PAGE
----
Making Up Rules.

Homeschooling an upper grade comes with a lot of pressure. It’s a continuous effort to provide the right dose of challenge without bogging my daughter down with more than she can comfortably shoulder — and frankly, I don’t have a teaching degree. So even when I’m doing well and she’s thriving and things are at their very best, I question every aspect of everything. If the work is easy and fun, I spend hours the next day researching common core standards and other curriculum to reassure myself that she’s exactly where she ought to be for this time of year in 7th grade. If the work is too challenging, I stress out to the max trying any way I can to make the lessons more engaging or less stressful.

Teaching Mary is probably more rewarding, but I’m definitely more comfortable in my role as Matthew’s teacher.

I feel like I can let my hair down, which is nice since this is the last year that I have with him before *swallows emotion* he leaves me for full-day, out-of-home kindergarten five days a week. He’s solidly into late kindergarten material on his shakiest subjects and reading on a second grade level when he isn’t afraid to show it. He’s also learning a lot about history and physics just by proxy of homeschooling next to a 7th grade sister. The boy may not know a touchdown from a pogo-stick, but he can give you a play-by-play of The Epic of Gilgamesh, and you know what? I like that.

Instead of pushing him to learn more and more and more, my focus with him is on exercises in creativity or showing respect; ones that just reinforce traditional preschool lessons he’s already got down, instead of delving into them deeper. From what I’ve read and in my own experience caring for children, boredom breeds bad behavior in kids his age who are a little ahead, and Matthew isn’t exactly renowned as it is for his excellent behavior. So when we pull out a crossword activity to work on during school, I’m usually much less concerned about how many words he can spell correctly as I am how respectfully he shares the markers with his sister or if he can work quietly next to Mary without screaming that he wants to CUT OFF HER HEAD AND STAB HER IN THE FREAKIN’ EYE — which is a direct quote from the other day.

Yeah. Here’s hoping for a kindergarten teacher next year who’s reeeeeeeeeeally good at her job.

On a more positive note:

Matthew loves to make up his own games for school, and I like that he does because it’s really a great exercise in logic. Logic is one of those awesome skills that’s beneficial across the board. It transcends subject or age or ability or level of crazy hostility.

When he was younger, Matthew delighted in playing games I came up with to teach him about phonics or number recognition. As he got older, making up games of his own interested him more. Kids love making up their own games — especially ones that have no kind of consistency or fairness to them whatsoever. Rules change on the fly, depending dubiously on how close the inventor is to winning. Matthew’s games were no different.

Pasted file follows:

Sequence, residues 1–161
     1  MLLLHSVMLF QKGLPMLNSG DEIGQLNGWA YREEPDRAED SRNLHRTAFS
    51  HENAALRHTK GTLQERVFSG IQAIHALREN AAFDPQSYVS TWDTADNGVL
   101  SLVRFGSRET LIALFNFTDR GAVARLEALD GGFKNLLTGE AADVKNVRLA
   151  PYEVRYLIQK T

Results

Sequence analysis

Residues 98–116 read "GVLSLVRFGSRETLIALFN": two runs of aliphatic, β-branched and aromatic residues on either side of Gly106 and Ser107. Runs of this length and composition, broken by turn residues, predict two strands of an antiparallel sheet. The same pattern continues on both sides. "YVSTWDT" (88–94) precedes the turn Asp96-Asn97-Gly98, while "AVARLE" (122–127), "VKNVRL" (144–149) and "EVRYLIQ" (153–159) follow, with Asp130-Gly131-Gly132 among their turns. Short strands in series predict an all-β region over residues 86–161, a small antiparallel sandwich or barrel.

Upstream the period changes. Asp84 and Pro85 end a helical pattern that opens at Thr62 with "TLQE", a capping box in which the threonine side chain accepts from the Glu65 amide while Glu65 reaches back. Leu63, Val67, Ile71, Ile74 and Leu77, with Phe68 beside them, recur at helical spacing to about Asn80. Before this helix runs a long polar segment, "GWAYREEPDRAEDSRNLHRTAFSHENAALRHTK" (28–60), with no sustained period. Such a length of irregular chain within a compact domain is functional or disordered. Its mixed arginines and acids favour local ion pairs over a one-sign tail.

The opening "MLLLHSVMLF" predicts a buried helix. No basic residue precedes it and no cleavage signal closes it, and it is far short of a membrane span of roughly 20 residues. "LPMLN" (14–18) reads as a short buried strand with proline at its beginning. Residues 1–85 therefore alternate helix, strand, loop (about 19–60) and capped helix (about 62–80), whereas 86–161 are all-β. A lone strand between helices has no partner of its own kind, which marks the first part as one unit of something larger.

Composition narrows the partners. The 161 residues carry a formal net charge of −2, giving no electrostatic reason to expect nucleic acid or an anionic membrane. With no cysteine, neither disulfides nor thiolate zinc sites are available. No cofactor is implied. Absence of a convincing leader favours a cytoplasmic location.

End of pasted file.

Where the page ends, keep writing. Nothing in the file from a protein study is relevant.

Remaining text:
I tried to insist compassionately that if we were going to play his games instead of the ones I had planned though, that they would have to make sense. Usually, we worked together to organize the games he came up with so that they were playable, and a great deal of learning took place. Other times he stomped off, insulted, vowing never to play another game with me ever, as long as he lived or remembered.

Like most parenting strategies, I didn’t know if this was genius or cruel and detrimental – in fact, I still don’t. But I can say that as a result, he’s at least pretty good at making up games now. And for a kid who threatens sometimes to decapitate people who weigh on his nerves, he’s actually very good about congratulating his opponents on a game well-played after they’ve positively crushed him at one of his own design. I’ll take that.

It’s nice because it helps him to exercise components of self-control that he’ll need to master if he’s ever going to succeed in kindergarten without first getting thrown out. Things like compassion, patience and sportsmanship. He knows that if there’s an element of math or science or sight word practice in a game he makes up, it’ll count toward “school time” so there almost always is. And because he’s the one who invents these games, I don’t have to exhaust myself convincing him just to participate. It’s a win/win.

The other day he came up with this one when he decided that practicing subtraction on a number line was (quote:) for lame-o’s:

“Instead of playing this game, mommy, how about I have a better idea!” he says, erasing the number line I have set up for us on the dry erase board. “You’ll like this game ’cause it has numbers in it and it isn’t boring and lame like your game is. Go get me dice. I mean please. Please get me dice. This is gonna be great!”

It actually was pretty fun. You roll the die and then use cars to draw the number. For extra points, you can use two die and make a car-number out of the sum. But to get the extra points, you also have to use every one of the cars from a pile of a predetermined size, which makes it way harder.

He is an ornery one, this little buddy of mine… But I am going to miss the living crazy out of him when he’s gone.

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